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TECHNICAL PAPERS

In Vivo Tracking of the Human Patella Using Cine Phase Contrast Magnetic Resonance Imaging

[+] Author and Article Information
F. T. Sheehan

Mechanical Engineering Department, The Catholic University of America, Washington, DC 20064; Rehab R&D Center & Diagnostic Radiology Center, Veterans Affairs Palo Alto Health Care System, Palo Alto, CA 94304; Mechanical Engineering Department, Stanford University, Stanford, CA 94305

F. E. Zajac

Diagnostic Radiology Center, Veterans Affairs Palo Alto Health Care System, Palo Alto, CA 94304; Mechanical Engineering Department & Department of Functional Restoration, Stanford University, Stanford, CA 94305

J. E. Drace

Diagnostic Radiology Center, Veterans Affairs Palo Alto Health Care System, Palo Alto, CA 94305

J Biomech Eng 121(6), 650-656 (Dec 01, 1999) (7 pages) doi:10.1115/1.2800868 History: Received November 25, 1997; Revised July 28, 1999; Online October 30, 2007

Abstract

Improper patellar tracking is often considered to be the cause of patellar-femoral pain. Unfortunately, our knowledge of patellar-femoral-tibial (knee) joint kinematics is severely limited due to a lack of three-dimensional, noninvasive, in vivo measurement techniques. This study presents the first large-scale, dynamic, three-dimensional, noninvasive, in vivo study of nonimpaired knee joint kinematics during volitional leg extensions. Cine-phase contrast magnetic resonance imaging was used to measure the velocity profiles of the patella, femur, and tibia in 18 unimpaired knees during leg extensions, resisted by a 34 N weight. Bone displacements were calculated through integration and then converted into three-dimensional orientation angles. We found that the patella displaced laterally, superiorly, and anteriorly as the knee extended. Further, patellar flexion lagged knee flexion, patellar tilt was variable, and patellar rotation was fairly constant throughout extension.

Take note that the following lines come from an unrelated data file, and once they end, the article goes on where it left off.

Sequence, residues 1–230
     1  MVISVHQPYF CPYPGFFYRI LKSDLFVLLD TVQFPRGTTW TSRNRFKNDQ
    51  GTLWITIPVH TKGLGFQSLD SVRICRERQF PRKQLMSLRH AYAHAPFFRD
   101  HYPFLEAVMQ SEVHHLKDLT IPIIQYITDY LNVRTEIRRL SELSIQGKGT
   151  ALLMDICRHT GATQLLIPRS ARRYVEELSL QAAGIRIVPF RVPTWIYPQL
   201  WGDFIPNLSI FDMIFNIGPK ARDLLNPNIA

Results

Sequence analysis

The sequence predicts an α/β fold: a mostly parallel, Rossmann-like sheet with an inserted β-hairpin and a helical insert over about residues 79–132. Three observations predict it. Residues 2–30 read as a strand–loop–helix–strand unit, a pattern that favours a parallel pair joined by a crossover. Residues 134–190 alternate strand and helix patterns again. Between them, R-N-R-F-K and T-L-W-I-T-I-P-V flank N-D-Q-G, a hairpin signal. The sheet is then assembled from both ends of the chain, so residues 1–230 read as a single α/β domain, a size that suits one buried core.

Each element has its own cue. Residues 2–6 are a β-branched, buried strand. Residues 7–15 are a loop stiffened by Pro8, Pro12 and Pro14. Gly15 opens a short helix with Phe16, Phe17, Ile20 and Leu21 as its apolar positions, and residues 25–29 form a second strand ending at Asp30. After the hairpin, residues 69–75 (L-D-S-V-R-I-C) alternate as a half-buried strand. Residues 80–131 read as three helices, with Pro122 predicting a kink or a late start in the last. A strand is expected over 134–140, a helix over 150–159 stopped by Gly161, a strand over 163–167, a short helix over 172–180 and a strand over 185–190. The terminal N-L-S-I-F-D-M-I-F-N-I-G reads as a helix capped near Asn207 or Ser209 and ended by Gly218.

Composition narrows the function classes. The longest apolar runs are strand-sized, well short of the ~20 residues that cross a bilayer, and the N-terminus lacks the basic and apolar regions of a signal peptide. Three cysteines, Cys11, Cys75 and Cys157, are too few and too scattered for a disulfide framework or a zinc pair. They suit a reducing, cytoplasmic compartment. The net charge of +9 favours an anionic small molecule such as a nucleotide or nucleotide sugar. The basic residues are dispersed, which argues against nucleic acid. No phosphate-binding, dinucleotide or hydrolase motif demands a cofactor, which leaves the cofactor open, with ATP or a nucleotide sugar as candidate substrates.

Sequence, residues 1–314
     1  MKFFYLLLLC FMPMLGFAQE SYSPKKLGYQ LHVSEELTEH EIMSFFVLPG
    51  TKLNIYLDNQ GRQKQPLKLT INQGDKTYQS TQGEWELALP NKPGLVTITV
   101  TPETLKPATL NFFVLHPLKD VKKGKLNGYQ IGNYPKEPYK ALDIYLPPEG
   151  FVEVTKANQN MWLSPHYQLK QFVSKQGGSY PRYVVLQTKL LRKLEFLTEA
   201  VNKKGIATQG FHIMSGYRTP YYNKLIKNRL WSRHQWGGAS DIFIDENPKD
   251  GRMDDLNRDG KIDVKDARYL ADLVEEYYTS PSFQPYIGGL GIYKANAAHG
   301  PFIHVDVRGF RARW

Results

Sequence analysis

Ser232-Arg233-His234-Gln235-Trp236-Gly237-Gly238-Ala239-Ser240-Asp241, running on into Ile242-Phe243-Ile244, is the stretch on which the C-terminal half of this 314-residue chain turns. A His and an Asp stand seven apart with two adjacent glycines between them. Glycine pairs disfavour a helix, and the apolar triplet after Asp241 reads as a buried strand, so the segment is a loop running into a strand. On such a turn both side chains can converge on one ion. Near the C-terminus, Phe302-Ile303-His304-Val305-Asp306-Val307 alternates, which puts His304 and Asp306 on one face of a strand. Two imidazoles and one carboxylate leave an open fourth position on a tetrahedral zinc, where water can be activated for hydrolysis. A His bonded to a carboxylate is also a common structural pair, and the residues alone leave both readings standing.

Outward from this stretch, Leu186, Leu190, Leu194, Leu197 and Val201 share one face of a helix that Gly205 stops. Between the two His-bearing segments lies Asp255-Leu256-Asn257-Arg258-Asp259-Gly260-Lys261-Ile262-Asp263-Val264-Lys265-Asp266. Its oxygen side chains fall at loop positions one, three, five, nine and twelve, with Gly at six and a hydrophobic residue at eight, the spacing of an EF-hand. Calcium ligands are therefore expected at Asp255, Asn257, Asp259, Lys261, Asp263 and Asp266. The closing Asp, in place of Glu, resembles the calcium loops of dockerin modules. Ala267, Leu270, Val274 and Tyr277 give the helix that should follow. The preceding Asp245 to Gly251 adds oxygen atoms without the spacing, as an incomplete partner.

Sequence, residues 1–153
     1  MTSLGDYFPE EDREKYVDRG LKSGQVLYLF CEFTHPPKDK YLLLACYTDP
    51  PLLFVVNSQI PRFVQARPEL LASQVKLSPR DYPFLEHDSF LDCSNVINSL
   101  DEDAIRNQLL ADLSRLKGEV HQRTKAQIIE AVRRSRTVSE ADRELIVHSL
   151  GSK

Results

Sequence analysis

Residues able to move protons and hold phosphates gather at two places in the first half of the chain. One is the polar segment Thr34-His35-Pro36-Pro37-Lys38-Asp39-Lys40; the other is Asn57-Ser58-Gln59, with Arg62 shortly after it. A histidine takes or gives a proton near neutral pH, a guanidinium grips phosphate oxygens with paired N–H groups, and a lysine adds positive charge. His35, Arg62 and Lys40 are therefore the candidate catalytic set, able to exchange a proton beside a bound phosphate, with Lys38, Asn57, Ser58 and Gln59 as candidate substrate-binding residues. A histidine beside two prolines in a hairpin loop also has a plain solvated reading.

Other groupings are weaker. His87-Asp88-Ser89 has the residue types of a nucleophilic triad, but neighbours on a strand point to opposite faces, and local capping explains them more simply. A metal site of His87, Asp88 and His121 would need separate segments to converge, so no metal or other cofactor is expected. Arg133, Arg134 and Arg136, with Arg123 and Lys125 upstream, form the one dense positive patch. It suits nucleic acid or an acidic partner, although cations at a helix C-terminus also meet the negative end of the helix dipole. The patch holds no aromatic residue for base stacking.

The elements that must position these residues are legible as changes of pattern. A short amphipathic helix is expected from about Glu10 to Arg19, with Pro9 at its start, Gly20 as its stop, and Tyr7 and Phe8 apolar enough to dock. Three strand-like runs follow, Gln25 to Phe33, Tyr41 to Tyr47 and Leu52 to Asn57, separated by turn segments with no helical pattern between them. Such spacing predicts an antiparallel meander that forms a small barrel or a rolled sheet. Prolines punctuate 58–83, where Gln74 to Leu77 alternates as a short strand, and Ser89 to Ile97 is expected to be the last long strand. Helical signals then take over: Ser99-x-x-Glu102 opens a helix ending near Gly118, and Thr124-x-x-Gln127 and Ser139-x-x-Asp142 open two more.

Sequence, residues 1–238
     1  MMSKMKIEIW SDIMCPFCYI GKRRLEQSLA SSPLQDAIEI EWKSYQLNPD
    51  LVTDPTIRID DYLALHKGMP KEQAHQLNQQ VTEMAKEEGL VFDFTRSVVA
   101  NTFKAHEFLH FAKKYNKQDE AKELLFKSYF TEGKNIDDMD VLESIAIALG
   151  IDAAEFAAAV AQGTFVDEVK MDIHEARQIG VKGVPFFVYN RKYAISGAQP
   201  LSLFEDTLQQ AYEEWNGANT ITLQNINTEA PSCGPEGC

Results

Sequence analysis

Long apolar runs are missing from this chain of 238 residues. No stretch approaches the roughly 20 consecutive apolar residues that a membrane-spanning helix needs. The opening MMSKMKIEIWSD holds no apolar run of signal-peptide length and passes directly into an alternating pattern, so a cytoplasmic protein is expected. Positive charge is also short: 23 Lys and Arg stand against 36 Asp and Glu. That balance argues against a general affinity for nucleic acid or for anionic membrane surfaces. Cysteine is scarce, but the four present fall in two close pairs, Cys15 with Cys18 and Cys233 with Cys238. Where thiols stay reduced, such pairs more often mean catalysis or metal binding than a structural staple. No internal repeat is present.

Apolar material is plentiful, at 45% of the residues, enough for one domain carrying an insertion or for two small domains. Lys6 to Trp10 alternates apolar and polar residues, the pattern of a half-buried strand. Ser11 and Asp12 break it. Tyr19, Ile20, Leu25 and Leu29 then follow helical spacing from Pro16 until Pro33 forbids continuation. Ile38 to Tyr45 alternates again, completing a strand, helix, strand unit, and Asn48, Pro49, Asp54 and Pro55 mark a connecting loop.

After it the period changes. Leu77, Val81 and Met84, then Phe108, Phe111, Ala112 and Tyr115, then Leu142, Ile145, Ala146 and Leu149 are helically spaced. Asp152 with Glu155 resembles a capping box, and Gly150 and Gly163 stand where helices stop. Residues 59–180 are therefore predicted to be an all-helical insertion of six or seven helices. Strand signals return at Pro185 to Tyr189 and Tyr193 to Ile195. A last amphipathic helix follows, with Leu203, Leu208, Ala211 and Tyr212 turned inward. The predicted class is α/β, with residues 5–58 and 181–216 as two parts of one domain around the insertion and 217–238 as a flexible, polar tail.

Copyright © 1999 by The American Society of Mechanical Engineers
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